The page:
Group Title: 7th International Conference on Multiphase Flow - ICMF 2010 Proceedings
Title: 16.4.1 - Numerical simulation of optical diagnostics and comparisons to experiments
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 Material Information
Title: 16.4.1 - Numerical simulation of optical diagnostics and comparisons to experiments Computational Techniques for Multiphase Flows
Series Title: 7th International Conference on Multiphase Flow - ICMF 2010 Proceedings
Physical Description: Conference Papers
Creator: Ménard, T.
Idlahcen, S.
Blaisot, J.B.
Rozé, C.
Berlemont, A.
Girasole, T.
Méès, L.
Publisher: International Conference on Multiphase Flow (ICMF)
Publication Date: June 4, 2010
 Subjects
Subject: jet atomization
optical diagnostic
level set method
VOF
 Notes
Abstract: Direct numerical simulations (DNS) of a high pressure liquid jet have been carried out, by using a coupled LS/VOF/GF (Level Set/Volume of Fluid/Ghost Fluid) method with realistic physical parameters (pressure, velocity, surface tension, viscosity, liquid and gas density). On the other hand, high resolution experimental images of the liquid jet have been obtained, by using femtosecond laser beam. A direct comparison between DNS and experimental images has been performed, by using the same analysis tools. This approach permits to introduce some criteria for the validation of the numerical simulation. Finally simulation of light beam interaction with numerical results opens the way of an improved analysis of optical signals that are obtained by interaction of a light beam with a liquid.
General Note: The International Conference on Multiphase Flow (ICMF) first was held in Tsukuba, Japan in 1991 and the second ICMF took place in Kyoto, Japan in 1995. During this conference, it was decided to establish an International Governing Board which oversees the major aspects of the conference and makes decisions about future conference locations. Due to the great importance of the field, it was furthermore decided to hold the conference every three years successively in Asia including Australia, Europe including Africa, Russia and the Near East and America. Hence, ICMF 1998 was held in Lyon, France, ICMF 2001 in New Orleans, USA, ICMF 2004 in Yokohama, Japan, and ICMF 2007 in Leipzig, Germany. ICMF-2010 is devoted to all aspects of Multiphase Flow. Researchers from all over the world gathered in order to introduce their recent advances in the field and thereby promote the exchange of new ideas, results and techniques. The conference is a key event in Multiphase Flow and supports the advancement of science in this very important field. The major research topics relevant for the conference are as follows: Bio-Fluid Dynamics; Boiling; Bubbly Flows; Cavitation; Colloidal and Suspension Dynamics; Collision, Agglomeration and Breakup; Computational Techniques for Multiphase Flows; Droplet Flows; Environmental and Geophysical Flows; Experimental Methods for Multiphase Flows; Fluidized and Circulating Fluidized Beds; Fluid Structure Interactions; Granular Media; Industrial Applications; Instabilities; Interfacial Flows; Micro and Nano-Scale Multiphase Flows; Microgravity in Two-Phase Flow; Multiphase Flows with Heat and Mass Transfer; Non-Newtonian Multiphase Flows; Particle-Laden Flows; Particle, Bubble and Drop Dynamics; Reactive Multiphase Flows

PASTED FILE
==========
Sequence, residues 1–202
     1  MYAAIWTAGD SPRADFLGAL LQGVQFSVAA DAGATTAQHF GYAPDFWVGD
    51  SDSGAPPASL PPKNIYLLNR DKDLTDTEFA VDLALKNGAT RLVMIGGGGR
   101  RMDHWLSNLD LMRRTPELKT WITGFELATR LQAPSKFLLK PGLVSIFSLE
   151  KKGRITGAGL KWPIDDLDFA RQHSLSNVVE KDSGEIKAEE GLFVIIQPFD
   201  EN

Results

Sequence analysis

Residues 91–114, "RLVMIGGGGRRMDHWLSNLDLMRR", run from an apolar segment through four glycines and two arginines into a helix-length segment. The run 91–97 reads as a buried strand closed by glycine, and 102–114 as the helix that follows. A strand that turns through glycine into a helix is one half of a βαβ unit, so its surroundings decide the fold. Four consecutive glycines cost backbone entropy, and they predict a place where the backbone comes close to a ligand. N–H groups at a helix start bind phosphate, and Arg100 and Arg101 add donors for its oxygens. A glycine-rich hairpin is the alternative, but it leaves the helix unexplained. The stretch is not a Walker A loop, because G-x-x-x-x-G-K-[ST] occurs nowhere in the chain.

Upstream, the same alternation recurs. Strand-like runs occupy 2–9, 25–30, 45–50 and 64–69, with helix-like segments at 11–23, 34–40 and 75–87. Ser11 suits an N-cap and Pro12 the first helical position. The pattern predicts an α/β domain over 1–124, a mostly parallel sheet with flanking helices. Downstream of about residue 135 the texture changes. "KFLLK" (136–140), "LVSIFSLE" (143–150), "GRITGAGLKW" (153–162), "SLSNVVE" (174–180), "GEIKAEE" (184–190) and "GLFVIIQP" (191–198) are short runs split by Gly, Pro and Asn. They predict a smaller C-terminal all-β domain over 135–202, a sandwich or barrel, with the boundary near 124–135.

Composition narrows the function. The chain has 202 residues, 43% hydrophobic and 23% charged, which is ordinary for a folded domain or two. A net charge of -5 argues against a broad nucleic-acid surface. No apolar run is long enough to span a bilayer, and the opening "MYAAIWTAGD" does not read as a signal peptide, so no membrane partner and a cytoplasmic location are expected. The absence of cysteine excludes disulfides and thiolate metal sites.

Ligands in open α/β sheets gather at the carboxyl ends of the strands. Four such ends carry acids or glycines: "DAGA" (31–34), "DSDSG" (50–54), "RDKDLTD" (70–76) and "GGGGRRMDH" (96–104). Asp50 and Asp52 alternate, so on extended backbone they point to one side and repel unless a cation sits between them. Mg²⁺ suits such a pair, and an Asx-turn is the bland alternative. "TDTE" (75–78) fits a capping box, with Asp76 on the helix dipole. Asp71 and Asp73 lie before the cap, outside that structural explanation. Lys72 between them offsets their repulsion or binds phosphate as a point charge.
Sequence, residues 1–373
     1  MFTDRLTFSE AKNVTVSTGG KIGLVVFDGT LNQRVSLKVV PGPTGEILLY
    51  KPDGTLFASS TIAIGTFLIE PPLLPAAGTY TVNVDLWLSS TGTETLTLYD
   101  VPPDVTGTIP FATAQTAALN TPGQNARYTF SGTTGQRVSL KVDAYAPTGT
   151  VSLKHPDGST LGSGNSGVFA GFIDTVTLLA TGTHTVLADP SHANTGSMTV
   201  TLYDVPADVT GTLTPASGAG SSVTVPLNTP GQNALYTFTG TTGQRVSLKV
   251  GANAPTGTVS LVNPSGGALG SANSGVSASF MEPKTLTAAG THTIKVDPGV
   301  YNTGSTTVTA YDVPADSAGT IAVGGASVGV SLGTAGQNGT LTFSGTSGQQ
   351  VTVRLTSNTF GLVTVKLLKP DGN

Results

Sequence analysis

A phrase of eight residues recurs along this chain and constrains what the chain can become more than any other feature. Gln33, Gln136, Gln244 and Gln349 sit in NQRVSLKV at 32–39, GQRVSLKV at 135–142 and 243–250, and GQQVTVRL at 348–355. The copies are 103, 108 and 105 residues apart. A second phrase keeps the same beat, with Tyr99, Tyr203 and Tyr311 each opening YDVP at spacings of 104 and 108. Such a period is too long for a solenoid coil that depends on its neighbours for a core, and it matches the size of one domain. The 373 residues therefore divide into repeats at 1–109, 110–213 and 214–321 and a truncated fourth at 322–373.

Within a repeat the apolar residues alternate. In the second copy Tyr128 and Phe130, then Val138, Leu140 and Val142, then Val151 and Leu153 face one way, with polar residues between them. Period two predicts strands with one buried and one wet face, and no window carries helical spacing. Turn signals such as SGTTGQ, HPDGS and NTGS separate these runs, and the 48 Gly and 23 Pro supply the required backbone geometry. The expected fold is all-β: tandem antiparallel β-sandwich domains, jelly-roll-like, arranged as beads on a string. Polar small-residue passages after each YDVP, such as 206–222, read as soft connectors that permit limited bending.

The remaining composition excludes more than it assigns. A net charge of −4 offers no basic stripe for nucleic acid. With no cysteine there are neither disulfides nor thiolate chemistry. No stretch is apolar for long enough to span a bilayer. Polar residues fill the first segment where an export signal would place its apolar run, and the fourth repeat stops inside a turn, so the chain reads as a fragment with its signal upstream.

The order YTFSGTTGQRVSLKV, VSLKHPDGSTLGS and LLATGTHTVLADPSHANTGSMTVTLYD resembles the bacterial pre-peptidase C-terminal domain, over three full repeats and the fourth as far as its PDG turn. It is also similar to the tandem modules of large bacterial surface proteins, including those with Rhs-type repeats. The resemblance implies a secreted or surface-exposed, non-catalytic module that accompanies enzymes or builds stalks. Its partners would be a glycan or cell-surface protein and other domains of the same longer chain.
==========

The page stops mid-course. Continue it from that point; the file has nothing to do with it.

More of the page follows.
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Bibliographic ID: UF00102023
Volume ID: VID00400
Source Institution: University of Florida
Holding Location: University of Florida
Rights Management: All rights reserved by the source institution and holding location.
Resource Identifier: 1641-Menard-ICMF2010.pdf

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7th International Conference on Multiphase Flow,
ICMF 2010, Tampa, FL, May 30 June 4, 2010


Numerical simulation of optical diagnostics and comparisons to experiments


T. Mdnard*, S. Idlahcen*, J.B. Blaisot*, C. Roz6*, A. Berlemont*,

T. Girasole*, L. Meest
UMR 6614 CORIA, CNRS, Universit6 et INSA de Rouen, 76801 Saint-Etienne du Rouvray Cedex, France
t UMR 5509 CNRS, LMFA, Ecole central de Lyon, 69134 Ecully Cedex, France
tmenard@tcoria.fr
Keywords: jet atomization, optical diagnostic, level set, VOF




Abstract

Direct numerical simulations (DNS) of a high pressure liquid jet have been carried out, by using a coupled
LS/VOF/GF (Level Set/Volume of Fluid/Ghost Fluid) method with realistic physical parameters (pressure, velocity,
surface tension, viscosity, liquid and gas density). On the other hand, high resolution experimental images of the
liquid jet have been obtained, by using femtosecond laser beam. A direct comparison between DNS and experimental